The second reason why we need a build process is because we are using Sass. Like TypeScript, the Sass files need to be compiled to CSS so that the browser understands them.

Angular CLI uses a library called WebPack for its build pipeline. What is really helpful is that this is already set up for you. Angular provides a file called “.angular-cli.json” that allows you configure different aspects of the build process. But, I’ve found that I rarely need to touch this file.

Step 3: Using Bootstrap 4

Adding Bootstrap 4 to the project is accomplished by using NPM:

npm install bootstrap@4.0.0-beta.2

This will add a dependency to the package.json file and download the Bootstrap files into the node_modules folder. Included in the download are the Sass files that are needed. Font-Awesome can also added the same way:

npm install font-awesome

We need to import the Sass files from both projects in order to use them. This can be done by editing the file named “main.scss,” which was by the Angular CLI when the project was created. Specifically, it was the “—style sass” switch that created it. If you forgot to use this switch, then Angular will expect you to use CSS. However, you can configure Angular to use Sass by running the command “ng set defaults.styleExt scss

To add the Sass imports, edit the “styles.scss” and add the following imports:

@import "~bootstrap/scss/bootstrap";

$fa-font-path: "~font-awesome/fonts";

@import "~font-awesome/scss/font-awesome";

That is all you have to do. Now the build process will compile the CSS for Bootstrap and Font Awesome and use them in your project.

Step 4: NG Bootstrap

Some of the components provided by Bootstrap require a JavaScript reference. Initially, I had to add some configuration to the “scripts” section of the “.angular-cli.json” file. However, this required me to also add configurations for JQuery and Popper.js.

Then I discovered a library called NG Bootstrap that provides Bootstrap 4 components powered by Angular. Since this is an Angular re-implementation of the Bootstrap components, it removes the external references such as JQuery and Popper.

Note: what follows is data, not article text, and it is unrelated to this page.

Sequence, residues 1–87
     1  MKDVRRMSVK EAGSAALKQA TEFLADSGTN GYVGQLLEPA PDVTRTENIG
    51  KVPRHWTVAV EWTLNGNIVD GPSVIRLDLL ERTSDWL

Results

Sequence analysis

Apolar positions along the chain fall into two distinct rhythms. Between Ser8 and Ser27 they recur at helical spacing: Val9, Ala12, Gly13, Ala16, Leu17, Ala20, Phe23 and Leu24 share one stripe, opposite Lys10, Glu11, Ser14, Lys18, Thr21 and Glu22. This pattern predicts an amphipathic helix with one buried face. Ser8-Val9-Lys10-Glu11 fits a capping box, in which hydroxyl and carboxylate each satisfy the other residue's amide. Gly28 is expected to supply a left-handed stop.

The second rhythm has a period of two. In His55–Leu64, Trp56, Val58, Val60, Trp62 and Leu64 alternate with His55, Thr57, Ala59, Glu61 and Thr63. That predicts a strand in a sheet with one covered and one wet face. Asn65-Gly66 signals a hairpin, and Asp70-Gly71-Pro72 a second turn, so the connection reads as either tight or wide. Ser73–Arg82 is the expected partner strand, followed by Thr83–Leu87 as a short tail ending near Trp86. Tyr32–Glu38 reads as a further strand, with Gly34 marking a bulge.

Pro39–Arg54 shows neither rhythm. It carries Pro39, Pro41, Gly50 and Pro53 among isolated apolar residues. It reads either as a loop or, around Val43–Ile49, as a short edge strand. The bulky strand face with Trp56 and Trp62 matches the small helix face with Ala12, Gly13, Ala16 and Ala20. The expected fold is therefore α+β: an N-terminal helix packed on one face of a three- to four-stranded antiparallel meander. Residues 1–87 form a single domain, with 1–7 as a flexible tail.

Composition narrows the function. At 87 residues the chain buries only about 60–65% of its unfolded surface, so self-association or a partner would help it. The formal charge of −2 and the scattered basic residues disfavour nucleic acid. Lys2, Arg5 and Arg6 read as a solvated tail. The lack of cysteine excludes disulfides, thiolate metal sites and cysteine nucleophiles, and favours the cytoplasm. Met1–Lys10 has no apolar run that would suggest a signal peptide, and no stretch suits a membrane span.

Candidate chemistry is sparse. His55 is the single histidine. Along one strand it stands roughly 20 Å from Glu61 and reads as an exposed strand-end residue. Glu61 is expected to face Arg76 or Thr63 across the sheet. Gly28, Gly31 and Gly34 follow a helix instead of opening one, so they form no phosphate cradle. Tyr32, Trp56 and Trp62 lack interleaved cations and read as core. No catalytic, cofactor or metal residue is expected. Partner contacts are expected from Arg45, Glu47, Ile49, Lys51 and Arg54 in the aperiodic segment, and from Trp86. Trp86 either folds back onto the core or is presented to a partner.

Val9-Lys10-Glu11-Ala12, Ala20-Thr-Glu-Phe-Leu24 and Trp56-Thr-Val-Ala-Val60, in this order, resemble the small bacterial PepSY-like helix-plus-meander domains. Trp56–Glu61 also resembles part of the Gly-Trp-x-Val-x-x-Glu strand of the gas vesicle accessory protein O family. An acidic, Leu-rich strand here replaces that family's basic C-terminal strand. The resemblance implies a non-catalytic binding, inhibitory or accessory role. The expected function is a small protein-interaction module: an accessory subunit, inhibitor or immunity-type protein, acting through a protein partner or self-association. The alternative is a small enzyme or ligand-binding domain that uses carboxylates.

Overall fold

Have I said how much I like the documentation I have found? The documentation for NG Boostrap is also excellent. It provides instructions for their widgets as well as step by step instructions for installing NG Bootstrap.

Be Productive

As a developer who typically uses C#, ASP.NET MVC, and healthy doses of JQuery, I found that the Angular and Typescript combination made the transition to JavaScript feel very familiar. I have been amazed at the type of code I have been able to produce. In my opinion, it is an evolutionary step above my previous experiences.

The final step is to bookmark the documentation to Angular: I recommend trying to find answers there before heading over to Stack Overflow. If you have access to Pluralsight, I also recommend “Angular: Getting Started” by Deborah Kurata, and “Angular CLI” by John Papa. Both of these courses are rated for beginners. Mosh Hamedani has a Complete Angular Course on Udemy.

So what was the biggest difference I found between AngularJS and Angular? The concept count is much lower for Angular, making it much easier to learn. Once you have the concepts of Components and Services down, you can be very productive. And isn’t that what we want at the end of the day? To not want to waste time on the mundane tasks involved with configuring a new project, and just get coding!

And for anyone interested, I added a source code sample on my git hub:

Good Luck and Happy Coding!

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Chuck Bryan
Chuck BryanCore Contributor

Chuck has been developing line of business applications for over 20 years in Hampton Roads. His first computer was a Commodore 128, where he learned to program Basic. Chuck loves to share what he has learned with others and when not coding, Chuck likes to spend time with his wife, Cindy, and two daughters, Katie and Megan.